Monday, June 22, 2015

Curriculum completed for first-ever LGBT studies course at SF public high school

By | SF Examiner 

There has perhaps never been a more pertinent time to introduce an LGBT studies class to a San Francisco public high school.

So says Lyndsey Schlax, a government, history and economics teacher at Ruth Asawa San Francisco School of the Arts since 2008. Although Schlax has previously touched on current events in her classes, she’s certain the first-of-its-kind LGBT studies class next fall will identify with students more than ever before.

“The overarching theme of the year is the nondominant narrative of the American experience,” Schlax explained. “[And] I think there is a lot going on in terms of the advancements of rights for the LGBT community.”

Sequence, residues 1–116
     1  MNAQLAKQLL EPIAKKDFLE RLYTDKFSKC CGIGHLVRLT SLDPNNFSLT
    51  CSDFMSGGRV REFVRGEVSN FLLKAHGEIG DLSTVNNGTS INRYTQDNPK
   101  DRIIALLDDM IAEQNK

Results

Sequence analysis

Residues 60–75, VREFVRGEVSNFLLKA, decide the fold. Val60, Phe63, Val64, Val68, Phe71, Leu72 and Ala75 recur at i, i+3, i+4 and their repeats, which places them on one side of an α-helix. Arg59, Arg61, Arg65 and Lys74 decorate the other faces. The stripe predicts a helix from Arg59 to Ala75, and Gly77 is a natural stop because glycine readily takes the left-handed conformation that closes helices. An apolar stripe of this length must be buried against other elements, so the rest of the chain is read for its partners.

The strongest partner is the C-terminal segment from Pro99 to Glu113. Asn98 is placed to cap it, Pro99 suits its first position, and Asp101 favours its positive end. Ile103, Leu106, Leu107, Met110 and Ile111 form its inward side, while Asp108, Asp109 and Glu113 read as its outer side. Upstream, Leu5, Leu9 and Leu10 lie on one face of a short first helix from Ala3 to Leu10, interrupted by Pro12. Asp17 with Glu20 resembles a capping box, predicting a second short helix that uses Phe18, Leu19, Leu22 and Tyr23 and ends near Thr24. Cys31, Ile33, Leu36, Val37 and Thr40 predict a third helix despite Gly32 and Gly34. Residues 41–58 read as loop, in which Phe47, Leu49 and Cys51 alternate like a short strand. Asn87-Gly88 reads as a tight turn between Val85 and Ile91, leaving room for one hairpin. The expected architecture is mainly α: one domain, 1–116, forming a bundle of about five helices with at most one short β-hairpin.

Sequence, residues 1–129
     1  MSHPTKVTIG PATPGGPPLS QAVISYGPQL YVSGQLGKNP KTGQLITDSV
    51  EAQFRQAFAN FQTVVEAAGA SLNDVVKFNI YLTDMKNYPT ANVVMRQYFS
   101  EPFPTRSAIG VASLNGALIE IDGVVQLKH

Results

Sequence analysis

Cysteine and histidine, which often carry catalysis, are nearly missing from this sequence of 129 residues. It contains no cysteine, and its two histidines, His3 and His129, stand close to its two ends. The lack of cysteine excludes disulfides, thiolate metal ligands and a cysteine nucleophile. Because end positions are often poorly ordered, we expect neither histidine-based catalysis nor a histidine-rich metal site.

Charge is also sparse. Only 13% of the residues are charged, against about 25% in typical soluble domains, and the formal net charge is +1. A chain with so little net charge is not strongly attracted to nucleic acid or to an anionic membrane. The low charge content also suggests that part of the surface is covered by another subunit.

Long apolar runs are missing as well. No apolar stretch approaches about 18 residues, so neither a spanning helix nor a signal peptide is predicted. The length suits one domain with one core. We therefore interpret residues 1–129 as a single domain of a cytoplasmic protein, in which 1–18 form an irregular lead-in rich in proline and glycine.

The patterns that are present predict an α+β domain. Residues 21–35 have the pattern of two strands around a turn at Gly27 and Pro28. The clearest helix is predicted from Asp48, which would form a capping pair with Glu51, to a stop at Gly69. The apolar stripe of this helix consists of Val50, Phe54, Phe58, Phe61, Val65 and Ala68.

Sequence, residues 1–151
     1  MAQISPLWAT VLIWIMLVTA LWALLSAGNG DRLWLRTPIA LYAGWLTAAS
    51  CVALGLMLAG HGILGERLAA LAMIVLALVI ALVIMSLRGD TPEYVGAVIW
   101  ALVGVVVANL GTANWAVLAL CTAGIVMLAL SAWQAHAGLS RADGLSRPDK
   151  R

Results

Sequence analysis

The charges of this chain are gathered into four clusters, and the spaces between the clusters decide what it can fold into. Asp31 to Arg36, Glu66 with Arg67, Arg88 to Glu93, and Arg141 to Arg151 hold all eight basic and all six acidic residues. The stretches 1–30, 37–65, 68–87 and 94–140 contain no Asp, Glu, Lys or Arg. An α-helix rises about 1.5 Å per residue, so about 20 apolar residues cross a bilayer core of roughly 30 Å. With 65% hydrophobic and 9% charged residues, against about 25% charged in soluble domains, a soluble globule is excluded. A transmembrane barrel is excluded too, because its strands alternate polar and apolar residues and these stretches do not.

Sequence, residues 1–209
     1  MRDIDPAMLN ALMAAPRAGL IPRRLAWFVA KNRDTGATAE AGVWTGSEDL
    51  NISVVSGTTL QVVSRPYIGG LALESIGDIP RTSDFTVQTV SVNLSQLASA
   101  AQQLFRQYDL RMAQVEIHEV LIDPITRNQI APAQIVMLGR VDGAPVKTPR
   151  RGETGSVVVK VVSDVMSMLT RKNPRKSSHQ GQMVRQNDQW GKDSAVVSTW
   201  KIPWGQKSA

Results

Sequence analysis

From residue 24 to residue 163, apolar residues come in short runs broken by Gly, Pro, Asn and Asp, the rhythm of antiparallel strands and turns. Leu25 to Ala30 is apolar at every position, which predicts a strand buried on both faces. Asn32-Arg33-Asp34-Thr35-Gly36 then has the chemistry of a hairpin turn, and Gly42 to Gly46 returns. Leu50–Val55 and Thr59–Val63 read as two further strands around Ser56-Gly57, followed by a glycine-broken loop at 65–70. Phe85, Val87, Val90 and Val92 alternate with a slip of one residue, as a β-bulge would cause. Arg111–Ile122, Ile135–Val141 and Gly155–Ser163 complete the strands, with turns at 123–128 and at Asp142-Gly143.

On Tuesday, Schlax finalized the curriculum for the groundbreaking course, which had 25 students enrolled as of mid-June. The class is an elective and will last a semester, as well as count toward the San Francisco Unified School District’s rigorous graduation requirements that ensure students are eligible for University of California or California State University.

While the class marks the first on-site LGBT lessons taught in the SFUSD, the district for years has strived to provide more inclusionary courses, particularly following a Board of Education resolution approved in 2010 to expand services for LGBT students. A district-funded course was offered in 2011 at Lyric, a San Francisco-based LGBT organization for youths, but that class was only available on Saturdays.